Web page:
The movie’s a lot of fun. I’m super excited to see what I read in that script on the screen. It’s huge. It’s a huge movie, so it’s great to be a part of that.

When you were crafting this story, was there a very specific direction you had to choose? And how was it balancing that with Cavan’s story, because they do kind of interconnect?

Cavan Scott: I took the lead from what I read in the script. Knowing where we first meet them meant I could take a step back and try to imagine how they got there.

Bryan Q. Miller: They interconnect a little bit in, and I don’t want to spoil how because it’s almost an Easter egg. But with the movie kind of as the guiderails, that feature scripts, the marching order was, “Don’t do anything that’s in the movie because we want everyone to get new information.” 

In the comic, you’re gonna get new information. If you watch the movie, you’re not gonna see stuff you saw the comic and vice versa. They’re kind of symbiotic in that way.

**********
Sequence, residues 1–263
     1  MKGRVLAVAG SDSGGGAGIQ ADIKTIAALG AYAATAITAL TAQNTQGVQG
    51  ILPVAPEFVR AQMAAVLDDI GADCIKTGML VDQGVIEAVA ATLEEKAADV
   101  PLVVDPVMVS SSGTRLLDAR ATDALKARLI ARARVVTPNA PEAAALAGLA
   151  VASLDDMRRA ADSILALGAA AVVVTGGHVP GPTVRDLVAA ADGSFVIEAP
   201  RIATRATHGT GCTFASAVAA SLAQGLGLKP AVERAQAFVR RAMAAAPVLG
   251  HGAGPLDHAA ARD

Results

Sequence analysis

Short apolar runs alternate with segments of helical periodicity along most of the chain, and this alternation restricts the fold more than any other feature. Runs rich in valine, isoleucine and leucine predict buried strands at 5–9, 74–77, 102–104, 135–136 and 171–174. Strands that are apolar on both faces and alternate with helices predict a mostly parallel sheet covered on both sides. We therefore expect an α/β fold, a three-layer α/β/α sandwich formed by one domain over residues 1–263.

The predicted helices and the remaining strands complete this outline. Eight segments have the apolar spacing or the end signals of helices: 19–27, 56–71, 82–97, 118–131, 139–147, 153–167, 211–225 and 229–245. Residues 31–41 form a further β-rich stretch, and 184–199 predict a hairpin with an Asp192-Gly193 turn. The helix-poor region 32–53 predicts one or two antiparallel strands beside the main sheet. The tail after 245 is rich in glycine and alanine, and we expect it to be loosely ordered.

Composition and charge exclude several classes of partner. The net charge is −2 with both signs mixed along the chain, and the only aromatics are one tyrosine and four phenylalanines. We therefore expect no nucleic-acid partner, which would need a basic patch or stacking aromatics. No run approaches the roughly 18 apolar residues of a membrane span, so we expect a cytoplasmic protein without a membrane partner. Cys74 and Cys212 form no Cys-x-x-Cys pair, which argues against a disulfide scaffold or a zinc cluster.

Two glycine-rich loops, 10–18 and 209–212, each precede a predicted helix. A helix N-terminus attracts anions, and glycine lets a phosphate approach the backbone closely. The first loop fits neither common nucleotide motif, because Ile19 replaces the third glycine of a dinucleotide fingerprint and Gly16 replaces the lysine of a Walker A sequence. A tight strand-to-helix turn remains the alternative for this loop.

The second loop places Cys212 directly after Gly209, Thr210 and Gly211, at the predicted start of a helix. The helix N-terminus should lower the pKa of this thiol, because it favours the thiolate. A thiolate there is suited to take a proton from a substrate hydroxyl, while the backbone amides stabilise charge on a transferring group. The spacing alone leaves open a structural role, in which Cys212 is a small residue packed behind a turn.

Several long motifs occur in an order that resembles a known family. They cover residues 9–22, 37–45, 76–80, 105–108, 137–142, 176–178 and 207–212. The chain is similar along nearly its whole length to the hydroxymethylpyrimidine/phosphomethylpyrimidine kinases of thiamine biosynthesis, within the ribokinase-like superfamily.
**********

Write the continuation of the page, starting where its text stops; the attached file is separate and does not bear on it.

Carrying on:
One of the tragic elements of Hawkman is that he can never truly escape his past. What is he forced to confront in this issue?

 Cavan Scott: When we meet Carter in this issue he’s haunted by a past he feels he’s lost. The Justice Society has disbanded and has been largely forgotten. In a world of Supermen and Wonder Women, he feels increasingly irrelevant. Left behind. In the midst of all this, he lands slap bang in the middle of an Intergang heist and events soon take a tragic turn. Suddenly, our haunted hero finds himself in a literal haunting – and this ghost can kill!

Gentleman Ghost is an interesting choice for a villain in the one-shot. Considering he’s been a part of many Hawkman stories, how fun was it writing him?

Cavan Scott: Oh, I loved it, especially as writing this within the continuity of the movie meant that I could come up with a new origin for Craddock. Anyone who knows my work, knows how much of a horror fan, so it was fun to turn a Gentleman Ghost adventure into an full-on ghost story.